Self-Retracting Lifelines (SRLs) are valuable for vertical fall arrest protection, but knowing where, when and how to use them is critical.


SRLs are inherently versatile, says Jon Rowan, product line manager at MSA Safety. Photo: MSA Safety

This is according to Jon Rowan, product line manager at MSA Safety, who stressed that an SRL is there to provide a fall arrest point. It will always be attached to an anchor which may be in different locations.

“Understanding your anchor point is the first step in making an appropriate product choice - you need to consider where the anchor is, how far it is away from the working point and how far away it is from the edge,” said Rowan. “Being conscious of fall clearance is also vital – having knowledge of distance means you can allow enough space for a fall to happen in the safest way possible.”

Tailor solution to environment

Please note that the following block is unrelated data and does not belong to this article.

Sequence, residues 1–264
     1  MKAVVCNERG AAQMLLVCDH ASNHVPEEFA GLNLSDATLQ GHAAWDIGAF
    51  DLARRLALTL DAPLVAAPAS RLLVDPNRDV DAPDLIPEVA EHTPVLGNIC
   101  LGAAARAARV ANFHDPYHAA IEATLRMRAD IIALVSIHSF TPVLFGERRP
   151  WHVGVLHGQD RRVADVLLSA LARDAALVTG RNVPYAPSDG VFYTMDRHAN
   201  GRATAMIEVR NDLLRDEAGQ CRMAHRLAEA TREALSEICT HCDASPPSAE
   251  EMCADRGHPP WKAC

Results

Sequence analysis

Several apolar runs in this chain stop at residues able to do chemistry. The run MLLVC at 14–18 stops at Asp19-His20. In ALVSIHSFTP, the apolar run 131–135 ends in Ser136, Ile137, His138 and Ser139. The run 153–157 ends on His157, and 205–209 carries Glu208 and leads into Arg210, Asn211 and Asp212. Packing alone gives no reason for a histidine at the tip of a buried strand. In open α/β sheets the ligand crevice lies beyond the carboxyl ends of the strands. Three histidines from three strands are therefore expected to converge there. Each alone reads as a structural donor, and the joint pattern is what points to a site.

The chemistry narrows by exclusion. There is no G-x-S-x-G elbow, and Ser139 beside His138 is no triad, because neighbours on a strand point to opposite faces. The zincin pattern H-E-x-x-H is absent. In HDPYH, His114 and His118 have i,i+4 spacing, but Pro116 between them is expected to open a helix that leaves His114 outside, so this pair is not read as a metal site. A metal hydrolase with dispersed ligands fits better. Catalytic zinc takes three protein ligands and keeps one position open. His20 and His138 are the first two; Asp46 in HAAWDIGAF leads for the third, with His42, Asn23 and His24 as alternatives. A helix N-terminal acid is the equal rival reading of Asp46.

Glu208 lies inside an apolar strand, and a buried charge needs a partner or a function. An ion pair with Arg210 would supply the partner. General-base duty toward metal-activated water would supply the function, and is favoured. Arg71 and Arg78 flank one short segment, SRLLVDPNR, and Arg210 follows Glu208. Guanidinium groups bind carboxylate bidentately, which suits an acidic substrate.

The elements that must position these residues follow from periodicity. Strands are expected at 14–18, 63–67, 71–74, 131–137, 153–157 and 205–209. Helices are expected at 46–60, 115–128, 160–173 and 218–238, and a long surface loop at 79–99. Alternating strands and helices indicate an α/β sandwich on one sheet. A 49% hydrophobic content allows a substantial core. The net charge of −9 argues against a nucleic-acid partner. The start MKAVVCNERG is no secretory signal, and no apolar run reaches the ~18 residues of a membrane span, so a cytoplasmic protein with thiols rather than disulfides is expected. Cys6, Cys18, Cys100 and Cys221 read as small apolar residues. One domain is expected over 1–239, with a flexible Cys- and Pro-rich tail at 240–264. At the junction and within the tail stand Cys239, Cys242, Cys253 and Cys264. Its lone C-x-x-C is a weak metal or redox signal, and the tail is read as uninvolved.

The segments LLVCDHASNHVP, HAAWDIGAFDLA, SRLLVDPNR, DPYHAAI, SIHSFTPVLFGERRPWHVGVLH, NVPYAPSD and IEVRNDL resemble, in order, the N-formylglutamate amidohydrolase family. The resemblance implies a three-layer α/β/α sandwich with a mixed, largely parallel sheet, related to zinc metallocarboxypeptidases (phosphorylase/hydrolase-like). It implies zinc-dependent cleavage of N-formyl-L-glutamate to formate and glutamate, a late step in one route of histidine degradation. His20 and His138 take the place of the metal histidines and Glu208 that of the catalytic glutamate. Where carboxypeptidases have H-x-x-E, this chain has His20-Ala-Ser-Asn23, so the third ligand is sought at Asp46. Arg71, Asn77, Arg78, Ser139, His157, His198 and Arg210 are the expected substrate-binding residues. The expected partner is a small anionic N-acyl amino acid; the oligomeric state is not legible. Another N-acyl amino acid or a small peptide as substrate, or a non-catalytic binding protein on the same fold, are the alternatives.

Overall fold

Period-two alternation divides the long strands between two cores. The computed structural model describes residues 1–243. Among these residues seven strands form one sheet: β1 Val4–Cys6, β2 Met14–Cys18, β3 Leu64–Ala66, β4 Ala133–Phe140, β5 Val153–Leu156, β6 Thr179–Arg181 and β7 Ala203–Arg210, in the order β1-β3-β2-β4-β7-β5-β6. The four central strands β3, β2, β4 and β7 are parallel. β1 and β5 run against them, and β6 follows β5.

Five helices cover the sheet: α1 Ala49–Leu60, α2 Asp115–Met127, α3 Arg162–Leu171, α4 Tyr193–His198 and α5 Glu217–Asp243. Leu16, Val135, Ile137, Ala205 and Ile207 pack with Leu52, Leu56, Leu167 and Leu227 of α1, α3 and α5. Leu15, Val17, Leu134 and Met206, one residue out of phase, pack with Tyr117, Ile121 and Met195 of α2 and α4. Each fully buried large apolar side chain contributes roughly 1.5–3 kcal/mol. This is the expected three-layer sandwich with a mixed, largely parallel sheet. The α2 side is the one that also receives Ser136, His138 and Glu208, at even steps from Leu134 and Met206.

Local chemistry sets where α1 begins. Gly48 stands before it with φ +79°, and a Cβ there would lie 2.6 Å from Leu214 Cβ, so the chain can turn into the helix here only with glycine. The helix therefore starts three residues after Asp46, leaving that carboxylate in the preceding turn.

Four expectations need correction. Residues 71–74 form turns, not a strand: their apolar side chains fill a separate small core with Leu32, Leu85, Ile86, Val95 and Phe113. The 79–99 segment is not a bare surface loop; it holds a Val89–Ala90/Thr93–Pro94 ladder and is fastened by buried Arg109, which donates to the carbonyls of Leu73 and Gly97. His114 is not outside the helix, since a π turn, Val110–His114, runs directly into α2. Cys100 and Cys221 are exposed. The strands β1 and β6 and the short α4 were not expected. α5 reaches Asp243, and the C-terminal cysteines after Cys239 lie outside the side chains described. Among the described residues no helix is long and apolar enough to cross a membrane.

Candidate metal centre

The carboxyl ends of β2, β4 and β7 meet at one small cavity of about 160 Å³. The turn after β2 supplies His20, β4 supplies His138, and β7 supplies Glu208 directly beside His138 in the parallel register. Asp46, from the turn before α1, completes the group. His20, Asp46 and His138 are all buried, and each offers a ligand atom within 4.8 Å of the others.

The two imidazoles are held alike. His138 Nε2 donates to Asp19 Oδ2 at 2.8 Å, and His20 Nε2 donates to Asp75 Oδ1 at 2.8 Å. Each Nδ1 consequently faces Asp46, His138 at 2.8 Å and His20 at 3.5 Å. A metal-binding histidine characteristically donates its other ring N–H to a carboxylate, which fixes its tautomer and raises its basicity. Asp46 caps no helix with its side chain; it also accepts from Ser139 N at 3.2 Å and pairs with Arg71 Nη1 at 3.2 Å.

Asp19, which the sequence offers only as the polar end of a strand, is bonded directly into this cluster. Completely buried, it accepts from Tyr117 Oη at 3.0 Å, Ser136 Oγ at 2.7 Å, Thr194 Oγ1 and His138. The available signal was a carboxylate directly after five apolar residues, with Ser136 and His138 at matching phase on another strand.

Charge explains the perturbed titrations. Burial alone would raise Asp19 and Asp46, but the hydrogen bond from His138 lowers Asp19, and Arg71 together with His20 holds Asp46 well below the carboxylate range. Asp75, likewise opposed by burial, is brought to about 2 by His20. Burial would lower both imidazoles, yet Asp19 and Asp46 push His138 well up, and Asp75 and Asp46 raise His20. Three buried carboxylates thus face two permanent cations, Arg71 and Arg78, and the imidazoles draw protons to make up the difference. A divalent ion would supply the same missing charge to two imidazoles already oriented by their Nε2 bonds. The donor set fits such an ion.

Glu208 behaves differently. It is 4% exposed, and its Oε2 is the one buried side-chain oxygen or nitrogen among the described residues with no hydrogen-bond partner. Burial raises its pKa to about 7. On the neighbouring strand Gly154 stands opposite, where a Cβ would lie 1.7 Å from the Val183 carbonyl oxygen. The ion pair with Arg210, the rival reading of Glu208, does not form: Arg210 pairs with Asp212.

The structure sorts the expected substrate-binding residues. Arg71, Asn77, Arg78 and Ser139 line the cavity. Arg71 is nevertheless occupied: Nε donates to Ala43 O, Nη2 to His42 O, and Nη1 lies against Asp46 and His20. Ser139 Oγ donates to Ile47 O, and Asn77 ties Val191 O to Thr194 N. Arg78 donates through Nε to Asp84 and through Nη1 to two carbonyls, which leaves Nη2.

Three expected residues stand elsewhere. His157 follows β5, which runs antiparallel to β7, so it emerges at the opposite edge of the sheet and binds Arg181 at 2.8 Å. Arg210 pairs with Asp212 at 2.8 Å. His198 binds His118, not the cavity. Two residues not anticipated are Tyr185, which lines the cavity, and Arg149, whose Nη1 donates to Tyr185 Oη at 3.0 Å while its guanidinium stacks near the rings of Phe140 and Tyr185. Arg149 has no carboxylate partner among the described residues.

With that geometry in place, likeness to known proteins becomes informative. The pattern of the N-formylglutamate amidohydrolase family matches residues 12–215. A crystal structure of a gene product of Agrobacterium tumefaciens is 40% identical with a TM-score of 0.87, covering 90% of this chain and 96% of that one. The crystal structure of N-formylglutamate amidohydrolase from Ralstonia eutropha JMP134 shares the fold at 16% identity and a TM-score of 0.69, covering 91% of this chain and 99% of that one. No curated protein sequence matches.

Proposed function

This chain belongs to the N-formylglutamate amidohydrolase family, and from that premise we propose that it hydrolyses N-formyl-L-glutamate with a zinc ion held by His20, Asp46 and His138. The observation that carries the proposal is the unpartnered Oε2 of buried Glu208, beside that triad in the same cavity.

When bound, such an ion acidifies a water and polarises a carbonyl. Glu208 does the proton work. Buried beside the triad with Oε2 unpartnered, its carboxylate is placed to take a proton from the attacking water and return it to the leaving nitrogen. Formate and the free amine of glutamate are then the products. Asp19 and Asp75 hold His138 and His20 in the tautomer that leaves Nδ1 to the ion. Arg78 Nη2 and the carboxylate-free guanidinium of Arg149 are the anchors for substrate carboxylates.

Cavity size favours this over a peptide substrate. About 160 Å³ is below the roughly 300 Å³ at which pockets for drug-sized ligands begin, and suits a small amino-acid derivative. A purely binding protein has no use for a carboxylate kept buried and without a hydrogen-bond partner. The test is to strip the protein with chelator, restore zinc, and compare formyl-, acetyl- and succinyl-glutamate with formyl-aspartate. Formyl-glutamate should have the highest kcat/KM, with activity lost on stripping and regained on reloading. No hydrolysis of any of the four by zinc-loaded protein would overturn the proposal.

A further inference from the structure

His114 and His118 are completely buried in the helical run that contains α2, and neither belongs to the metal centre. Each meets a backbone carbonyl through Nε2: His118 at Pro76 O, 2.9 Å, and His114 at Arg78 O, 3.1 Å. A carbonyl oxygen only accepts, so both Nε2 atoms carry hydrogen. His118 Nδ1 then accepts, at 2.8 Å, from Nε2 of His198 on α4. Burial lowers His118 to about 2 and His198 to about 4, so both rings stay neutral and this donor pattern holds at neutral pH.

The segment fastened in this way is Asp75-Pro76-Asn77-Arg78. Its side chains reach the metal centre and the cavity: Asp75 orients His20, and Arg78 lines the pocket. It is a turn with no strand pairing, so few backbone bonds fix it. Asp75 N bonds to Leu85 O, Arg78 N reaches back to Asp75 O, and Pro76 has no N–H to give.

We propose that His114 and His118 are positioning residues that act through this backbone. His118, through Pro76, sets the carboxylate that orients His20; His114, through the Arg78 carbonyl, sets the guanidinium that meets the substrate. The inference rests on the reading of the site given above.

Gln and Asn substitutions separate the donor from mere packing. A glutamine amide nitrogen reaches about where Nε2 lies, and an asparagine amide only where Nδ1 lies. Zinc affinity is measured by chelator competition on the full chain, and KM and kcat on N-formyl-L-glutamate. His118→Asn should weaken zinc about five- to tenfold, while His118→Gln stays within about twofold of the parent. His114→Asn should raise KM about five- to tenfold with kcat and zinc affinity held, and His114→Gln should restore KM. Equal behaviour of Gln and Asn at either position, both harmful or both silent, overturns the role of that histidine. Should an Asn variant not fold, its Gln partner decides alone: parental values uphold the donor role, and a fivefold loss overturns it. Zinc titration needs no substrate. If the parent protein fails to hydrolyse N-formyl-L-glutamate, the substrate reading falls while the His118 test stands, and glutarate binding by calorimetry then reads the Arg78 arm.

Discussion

There are a vast number of situations where fall protection is necessary, but the specific type of solution will depend on the environment. SRLs are inherently versatile and used across a wide range of industries, e.g. for vertical access to turbines and confined spaces.

“Another factor to consider is fall clearance - the minimum vertical distance required between a worker’s feet and a lower level, which can also vary at different points on the working area,” noted Rowan. “A self-retracting lifeline can accommodate significant variance since it remains under tension and automatically adjusts the line.”

Ultimately, quality design enhances lifetime performance, maximising safety and reducing cost. “Entry-level, economy priced PPE is much less likely to offer the same performance and durability as higher quality, more premium solutions,” warns Rowan.

Equipment designed to be serviceable in the field and minimise repair times can dramatically reduce costly downtime and delays, he explained. Smart retraction dampening technology can also not only increase safety but limit damage to the product and surroundings, thus minimising downtime and further maximising product lifespan.

By Rebecca Jeffrey